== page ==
Note that a pre-treatment consisting of cathodic reduction (−3.0 V for 5 min) and then anodic oxidation (+3.0 V for 20 min) was conducted before and between each measurement for making oxygen-terminated surface reproducibly. Neither reproducible voltammograms nor comparison of the electrochemical behavior could be obtained without this pre-treatment because the adsorption of oxidized molecules caused the signal to be degraded. Especially cathodic reduction would play an important role in the signal recovery. This kind of strong and repeated electrochemical treatment, which is necessary and effective for making selective and reproducible measurements using BDD electrodes, is difficult to apply to other types of electrode.
Measurements using BDD microelectrodes: toward in vivo measurements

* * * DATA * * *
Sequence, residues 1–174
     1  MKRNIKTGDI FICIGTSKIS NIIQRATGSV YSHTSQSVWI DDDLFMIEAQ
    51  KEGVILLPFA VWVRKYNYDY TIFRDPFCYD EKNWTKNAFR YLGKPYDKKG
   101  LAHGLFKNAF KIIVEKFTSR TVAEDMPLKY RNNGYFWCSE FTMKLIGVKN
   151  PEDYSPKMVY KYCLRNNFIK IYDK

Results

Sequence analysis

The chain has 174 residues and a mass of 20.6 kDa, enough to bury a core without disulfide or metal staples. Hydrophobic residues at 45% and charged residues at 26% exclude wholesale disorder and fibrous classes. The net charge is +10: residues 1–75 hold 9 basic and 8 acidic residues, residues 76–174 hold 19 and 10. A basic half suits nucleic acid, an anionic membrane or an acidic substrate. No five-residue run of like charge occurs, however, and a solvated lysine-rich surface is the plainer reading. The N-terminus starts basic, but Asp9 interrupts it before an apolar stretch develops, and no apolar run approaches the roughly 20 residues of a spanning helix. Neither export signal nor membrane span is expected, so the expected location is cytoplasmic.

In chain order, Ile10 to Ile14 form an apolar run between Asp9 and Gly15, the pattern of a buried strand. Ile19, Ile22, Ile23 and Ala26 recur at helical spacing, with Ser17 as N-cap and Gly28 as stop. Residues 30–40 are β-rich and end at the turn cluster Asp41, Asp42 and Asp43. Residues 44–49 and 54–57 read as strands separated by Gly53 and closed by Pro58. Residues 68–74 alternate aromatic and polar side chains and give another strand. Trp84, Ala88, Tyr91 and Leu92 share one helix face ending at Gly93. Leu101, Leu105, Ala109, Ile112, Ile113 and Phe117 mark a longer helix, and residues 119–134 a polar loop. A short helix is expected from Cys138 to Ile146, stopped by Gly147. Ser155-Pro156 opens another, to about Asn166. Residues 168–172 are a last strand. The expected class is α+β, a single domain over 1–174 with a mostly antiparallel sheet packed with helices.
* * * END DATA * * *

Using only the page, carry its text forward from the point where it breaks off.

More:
Aiming at in vivo measurements, BDD microelectrodes are used since a spatial resolution of the order of a micrometer is required. Flow injection analysis (FIA) of oxytocin using an as-deposited BDD microelectrode was conducted for monitoring the concentration change as a calibration for in vivo measurement. Chronoamperometry was selected as the detection technique. Initially, the limit of detection (LOD) of oxytocin was calculated by preparing a calibration curve. Standard oxytocin solutions with a concentration range from 0.1 to 10 μM were injected and the signal currents generated at an applied potential of +1.0 V using a BDD microelectrode (Fig. 4a) were recorded. Tris (pH 7.4) was used as the buffer solution. Figure 4b displays the signal currents, which were observed after injection of the oxytocin samples. The relationship between the signal current and the oxytocin concentration is plotted in Fig. 4c, which shows the correlation to be highly linear (R2 = 0.995) with an LOD of 50 nM (S/N = 3). These results demonstrate the possibility of performing real-time detection of oxytocin in the nM concentration range.